Receptor-expressing lentivector either alone or with the appropriate adaptor-expressing lentivector was cotransfected with the lentiviral packaging plasmids pRSV-Rev (Addgene plasmid 12253), pMDLg/pRRE (Addgene plasmid 12251), and pMD2.g (Addgene plasmid 12259) into HEK293T cells using X-tremeGENE 9 (Roche) as per the manufacturer's instructions [16]. Lentiviral packaging plasmids were a gift from Didier Trono, École polytechnique fédérale de Lausanne. Two days after transfection, viral supernatants were harvested, filtered, and used for the transduction of either THP-1 or Jurkat cells in the presence of 5μg mL−1 Polybrene. For CD8α/β-expressing Jurkat cells, Jurkat reporter cells expressing 1G4 TCRα/β tagged with Strep-tag II or Twin-Strep-tag were lentivirally transduced as above with pHR-SIN-BX-CD8b-T2A-CD8a (a kind gift of Peter Steinberger and Wolfgang Paster, Medical University of Vienna).

Analysing receptor, adaptor, and coreceptor expression using flow cytometry and cell sorting by fluorescence-activated cell sorting (FACS)

Cells were analysed for receptor surface expression by flow cytometry using anti-Strep-tag II antibody Oyster 645 (IBA Lifesciences 2-1555-050) or anti-Strep-tag II antibody (IBA Lifesciences 2-1507-001) and anti-mouse IgG1 antibody Alexa Fluor 647 (Thermo Fisher Scientific A-21240) (BD FACSCalibur, 640-nm laser, FL4–661/16 band-pass filter, BD Biosciences). Introduced adaptor expression was tested via expression of EmGFP encoded on the adaptor lentivector (BD FACSCalibur, 488-nm laser, FL1–530/30 band-pass filter, BD Biosciences). Expression of 1G4 TCRβ and CD8α was analysed using anti-TCR Vβ 13.1 antibody FITC (H131; Thermo Fisher Scientific) and anti-CD8α antibody PE (HIT8a; Biolegend), respectively (BD FACSCalibur, 488-nm laser, FL1–530/30 band-pass filter and FL2–585/42 band-pass filter, BD Biosciences). Cells were sorted for high expression of receptor, introduced adaptor, or CD8 coreceptor by FACS (MoFlo Astrios, Beckman Coulter).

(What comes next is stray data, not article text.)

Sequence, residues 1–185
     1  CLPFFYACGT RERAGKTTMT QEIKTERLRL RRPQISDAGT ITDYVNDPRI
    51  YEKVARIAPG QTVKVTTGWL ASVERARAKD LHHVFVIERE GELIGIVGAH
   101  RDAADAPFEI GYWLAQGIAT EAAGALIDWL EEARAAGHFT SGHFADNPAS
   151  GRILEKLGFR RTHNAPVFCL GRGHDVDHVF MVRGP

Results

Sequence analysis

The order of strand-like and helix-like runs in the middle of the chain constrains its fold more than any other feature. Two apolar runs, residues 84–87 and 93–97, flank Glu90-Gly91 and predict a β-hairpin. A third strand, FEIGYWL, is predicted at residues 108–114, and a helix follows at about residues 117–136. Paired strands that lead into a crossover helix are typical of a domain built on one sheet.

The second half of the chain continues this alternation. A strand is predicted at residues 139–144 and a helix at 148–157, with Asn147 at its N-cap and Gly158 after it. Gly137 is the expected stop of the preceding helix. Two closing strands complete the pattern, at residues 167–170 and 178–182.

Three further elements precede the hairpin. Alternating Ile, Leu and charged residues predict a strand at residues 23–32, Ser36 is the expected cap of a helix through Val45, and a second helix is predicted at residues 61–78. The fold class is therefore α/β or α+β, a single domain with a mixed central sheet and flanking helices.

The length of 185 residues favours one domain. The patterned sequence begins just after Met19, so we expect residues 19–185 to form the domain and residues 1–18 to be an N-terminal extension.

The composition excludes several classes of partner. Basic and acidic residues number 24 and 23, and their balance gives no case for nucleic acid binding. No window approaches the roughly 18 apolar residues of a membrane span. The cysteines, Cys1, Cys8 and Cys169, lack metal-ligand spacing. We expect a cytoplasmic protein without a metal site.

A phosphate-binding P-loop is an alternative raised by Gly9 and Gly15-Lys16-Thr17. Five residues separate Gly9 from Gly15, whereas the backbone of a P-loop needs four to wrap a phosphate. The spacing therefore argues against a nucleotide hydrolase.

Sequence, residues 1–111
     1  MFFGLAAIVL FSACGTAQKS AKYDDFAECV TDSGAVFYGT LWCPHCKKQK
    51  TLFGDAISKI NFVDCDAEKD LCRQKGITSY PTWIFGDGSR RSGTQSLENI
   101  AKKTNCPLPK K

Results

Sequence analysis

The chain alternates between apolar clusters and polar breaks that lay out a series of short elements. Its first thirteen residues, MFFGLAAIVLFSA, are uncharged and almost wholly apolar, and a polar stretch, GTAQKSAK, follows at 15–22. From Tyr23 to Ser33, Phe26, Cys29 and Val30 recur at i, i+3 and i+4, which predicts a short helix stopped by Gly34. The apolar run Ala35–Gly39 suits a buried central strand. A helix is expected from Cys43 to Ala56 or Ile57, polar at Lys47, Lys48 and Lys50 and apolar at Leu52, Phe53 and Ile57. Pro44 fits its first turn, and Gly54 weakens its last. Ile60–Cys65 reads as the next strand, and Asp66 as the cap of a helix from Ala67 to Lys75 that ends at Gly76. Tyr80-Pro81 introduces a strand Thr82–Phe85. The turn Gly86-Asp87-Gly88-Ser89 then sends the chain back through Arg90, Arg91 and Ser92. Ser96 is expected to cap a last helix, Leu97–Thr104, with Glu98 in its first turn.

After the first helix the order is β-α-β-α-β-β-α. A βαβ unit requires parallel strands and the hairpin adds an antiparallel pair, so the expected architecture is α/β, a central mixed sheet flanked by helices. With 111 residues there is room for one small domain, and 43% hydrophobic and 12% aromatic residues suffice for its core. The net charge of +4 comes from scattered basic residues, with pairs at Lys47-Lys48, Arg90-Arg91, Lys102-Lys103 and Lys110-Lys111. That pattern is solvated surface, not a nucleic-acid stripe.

pMHC tetramer staining of Jurkat NFκB eGFP cells

HLA-A*02:01 heavy chain (residues 1–278) with C-terminal BirA tag and β2-microglobulin were expressed in Escherichia coli as inclusion bodies, refolded in the presence of peptide (SLLMWITQV), and purified using size-exclusion chromatography [17]. NY-ESO-1 (157–165; SLLMWITQV) peptide was purchased at more than 95% purity (GenScript). Purified peptide-HLA-A*02 was biotinylated in vitro by BirA enzyme (Avidity) and mixed with Streptavidin:RPE (Bio-Rad STAR4A) to create tetramers. Cells were incubated with a below-saturating concentration of pMHC tetramers:RPE and analysed by flow cytometry (BD FACSCalibur, 488-nm laser, FL2–585/42 band-pass filter, BD Biosciences).

Transfection of CHO cells with ligand anchor and HLA-A*02

CHO cells were transfected with either pEE14 (CHO mock) or pEE14-ligand anchor (CHO ligand anchor) using Xtreme-GENE 9 as per the manufacturer's instructions. A monoclonal population of CHO ligand anchor cells, created by limiting dilution, were transfected with pDISPLAY-SCD (CHO ligand anchor HLA-A*02) using Xtreme-GENE 9 as per the manufacturer's instructions. Transfected lines were cultured in the appropriate selection media after 48 hours.

Checking ligand anchor and HLA-A*02 expression by flow cytometry and cell sorting by FACS

Cells were analysed for ligand anchor or HLA-A*02 surface expression by flow cytometry using anti-HA-Tag antibody Alexa Fluor 647 (6E2; Cell Signaling Technology) and anti-HLA-A2 FITC antibody (BB7.2; Santa Cruz Biotechnology), respectively (BD FACSCalibur, 640-nm laser, FL4–661/16 band-pass filter, 488-nm laser, FL1–530/30 band-pass filter, BD Biosciences). CHO ligand anchor HLA-A*02 cells were sorted for high expression of ligand anchor and HLA-A*02 using FACS (MoFlo Astrios, Beckman Coulter).

Expression and purification of trivalent Strep-Tactin-SpyCatcher and monovalent Strep-Tactin-SpyCatcherΔ